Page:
“Devotion” by Dani Shapiro


I was so moved and engaged by Dani Shapiro’s Still Writing: The Perils and Pleasures of a Creative Life, that I sought out books she referred to in it by Jane Kenyon, and her earlier memoir, Devotion, about her tangled quest for clarity in spiritual matters.

Shapiro skillfully weaves together pieces of her past and present. Her observant Orthodox Jewish father, her atheist and difficult mother, her own practice of yoga, her son’s infant near-death experience, and her own attempts to…I’m not sure what to put here. Figure it all out? Make meaning of it? Because really, her spiraling, back-and-forth, round-and-round memoir does not acknowledge the kind of meaning or comfort usually found in devotional memoirs. Her memoir is ambivalent, in the true meaning of the word, pulled in many directions.

We can’t see what’s coming. We can’t know it. All we have is our hope that all will be well, and our knowledge that it won’t always be so. We live in the space between this hope and this knowledge. (239)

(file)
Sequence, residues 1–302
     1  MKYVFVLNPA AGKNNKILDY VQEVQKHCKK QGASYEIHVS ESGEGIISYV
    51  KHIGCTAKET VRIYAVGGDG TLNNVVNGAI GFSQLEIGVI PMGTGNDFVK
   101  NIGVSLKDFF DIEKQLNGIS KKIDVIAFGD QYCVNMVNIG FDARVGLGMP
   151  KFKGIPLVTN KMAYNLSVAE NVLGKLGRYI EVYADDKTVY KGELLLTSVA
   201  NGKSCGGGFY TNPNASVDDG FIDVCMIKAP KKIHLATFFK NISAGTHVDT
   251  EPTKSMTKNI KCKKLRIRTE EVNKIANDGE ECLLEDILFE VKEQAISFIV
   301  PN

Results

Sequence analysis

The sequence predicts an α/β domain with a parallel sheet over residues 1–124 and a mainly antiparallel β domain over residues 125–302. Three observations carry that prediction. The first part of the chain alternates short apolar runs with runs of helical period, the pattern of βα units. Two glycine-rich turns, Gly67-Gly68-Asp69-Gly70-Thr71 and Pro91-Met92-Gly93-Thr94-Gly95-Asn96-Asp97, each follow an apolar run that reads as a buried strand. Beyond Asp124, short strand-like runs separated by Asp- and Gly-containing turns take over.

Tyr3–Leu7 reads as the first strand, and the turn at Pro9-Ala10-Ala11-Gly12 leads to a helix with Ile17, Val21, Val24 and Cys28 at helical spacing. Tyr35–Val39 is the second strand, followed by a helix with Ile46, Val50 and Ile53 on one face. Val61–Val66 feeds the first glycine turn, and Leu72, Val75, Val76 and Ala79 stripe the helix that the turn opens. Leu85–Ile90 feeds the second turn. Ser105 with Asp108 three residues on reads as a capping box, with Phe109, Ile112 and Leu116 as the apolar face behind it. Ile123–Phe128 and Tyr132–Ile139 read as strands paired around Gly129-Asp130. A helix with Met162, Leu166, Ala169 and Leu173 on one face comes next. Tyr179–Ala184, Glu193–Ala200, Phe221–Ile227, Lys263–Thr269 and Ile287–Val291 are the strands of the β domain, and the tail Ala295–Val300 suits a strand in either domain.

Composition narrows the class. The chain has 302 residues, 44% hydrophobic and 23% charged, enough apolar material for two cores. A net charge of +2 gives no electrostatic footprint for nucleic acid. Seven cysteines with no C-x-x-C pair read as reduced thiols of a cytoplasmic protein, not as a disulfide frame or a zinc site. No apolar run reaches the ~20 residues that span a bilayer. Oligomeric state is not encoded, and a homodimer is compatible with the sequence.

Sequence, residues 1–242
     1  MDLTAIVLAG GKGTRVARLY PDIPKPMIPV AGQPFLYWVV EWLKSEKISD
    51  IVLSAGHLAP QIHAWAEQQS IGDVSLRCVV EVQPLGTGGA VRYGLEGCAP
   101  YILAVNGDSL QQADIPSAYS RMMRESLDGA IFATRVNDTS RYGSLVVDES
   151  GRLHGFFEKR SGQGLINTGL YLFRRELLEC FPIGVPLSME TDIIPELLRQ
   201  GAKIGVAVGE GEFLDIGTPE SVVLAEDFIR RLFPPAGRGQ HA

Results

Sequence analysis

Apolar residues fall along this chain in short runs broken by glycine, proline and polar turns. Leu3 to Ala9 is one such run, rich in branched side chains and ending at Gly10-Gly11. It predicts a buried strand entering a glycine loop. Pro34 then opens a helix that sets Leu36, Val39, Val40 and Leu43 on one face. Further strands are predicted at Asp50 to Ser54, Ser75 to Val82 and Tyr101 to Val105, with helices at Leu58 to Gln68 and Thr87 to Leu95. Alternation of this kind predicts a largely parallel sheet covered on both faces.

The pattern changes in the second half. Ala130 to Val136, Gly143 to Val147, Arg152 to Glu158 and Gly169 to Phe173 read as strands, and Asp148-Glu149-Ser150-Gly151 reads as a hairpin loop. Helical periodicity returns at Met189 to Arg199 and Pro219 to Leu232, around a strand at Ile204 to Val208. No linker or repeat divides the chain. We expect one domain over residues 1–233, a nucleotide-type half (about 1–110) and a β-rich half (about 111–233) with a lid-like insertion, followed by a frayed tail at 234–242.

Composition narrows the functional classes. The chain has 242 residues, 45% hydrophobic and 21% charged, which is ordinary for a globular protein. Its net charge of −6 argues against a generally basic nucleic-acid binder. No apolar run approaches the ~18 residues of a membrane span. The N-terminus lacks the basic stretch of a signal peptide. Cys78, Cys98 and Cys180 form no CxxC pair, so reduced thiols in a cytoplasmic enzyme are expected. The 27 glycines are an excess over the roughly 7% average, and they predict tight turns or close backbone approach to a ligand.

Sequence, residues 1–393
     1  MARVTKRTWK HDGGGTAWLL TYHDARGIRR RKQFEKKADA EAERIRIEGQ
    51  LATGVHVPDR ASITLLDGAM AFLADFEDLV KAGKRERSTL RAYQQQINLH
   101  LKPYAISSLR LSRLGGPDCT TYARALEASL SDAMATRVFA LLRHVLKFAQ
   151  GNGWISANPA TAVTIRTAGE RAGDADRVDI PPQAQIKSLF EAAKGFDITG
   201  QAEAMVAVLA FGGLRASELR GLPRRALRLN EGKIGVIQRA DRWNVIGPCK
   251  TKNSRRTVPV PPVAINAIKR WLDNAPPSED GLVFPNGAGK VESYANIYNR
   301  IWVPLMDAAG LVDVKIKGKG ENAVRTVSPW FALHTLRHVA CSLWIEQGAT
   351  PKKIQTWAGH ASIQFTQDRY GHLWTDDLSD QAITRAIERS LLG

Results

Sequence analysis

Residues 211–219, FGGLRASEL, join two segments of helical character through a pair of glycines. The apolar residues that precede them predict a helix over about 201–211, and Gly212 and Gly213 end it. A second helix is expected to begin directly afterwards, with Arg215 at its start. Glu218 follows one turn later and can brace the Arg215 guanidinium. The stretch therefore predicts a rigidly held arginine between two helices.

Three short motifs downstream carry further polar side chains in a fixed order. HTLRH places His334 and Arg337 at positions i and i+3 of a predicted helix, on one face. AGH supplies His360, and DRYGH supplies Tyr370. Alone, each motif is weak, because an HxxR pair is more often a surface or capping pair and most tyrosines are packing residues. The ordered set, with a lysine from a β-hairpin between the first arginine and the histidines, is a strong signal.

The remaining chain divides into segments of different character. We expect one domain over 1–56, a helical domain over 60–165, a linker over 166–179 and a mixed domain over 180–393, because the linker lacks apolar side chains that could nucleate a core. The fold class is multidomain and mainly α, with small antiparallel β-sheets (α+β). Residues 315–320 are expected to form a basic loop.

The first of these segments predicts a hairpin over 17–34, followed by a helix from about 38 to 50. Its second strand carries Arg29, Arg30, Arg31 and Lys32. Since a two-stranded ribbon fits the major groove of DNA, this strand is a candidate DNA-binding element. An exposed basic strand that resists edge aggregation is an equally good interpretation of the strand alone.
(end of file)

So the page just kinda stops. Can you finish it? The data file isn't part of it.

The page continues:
I loved this book, the writing, the stories of her life, and her struggle to make meaning and acknowledgement of the ephemeral nature of any meaning that does become clear. I think I’ll be going back to all Shapiro’s books, from the beginning, and working my way back up to these. If a mark of a good book is one that makes me think, and want to learn, these two short books pack a substantial emotional and intellectual wallop. (I may come back to edit this last poorly constructed sentence. It’s not elegant and mellifluous, but it says what I mean.)

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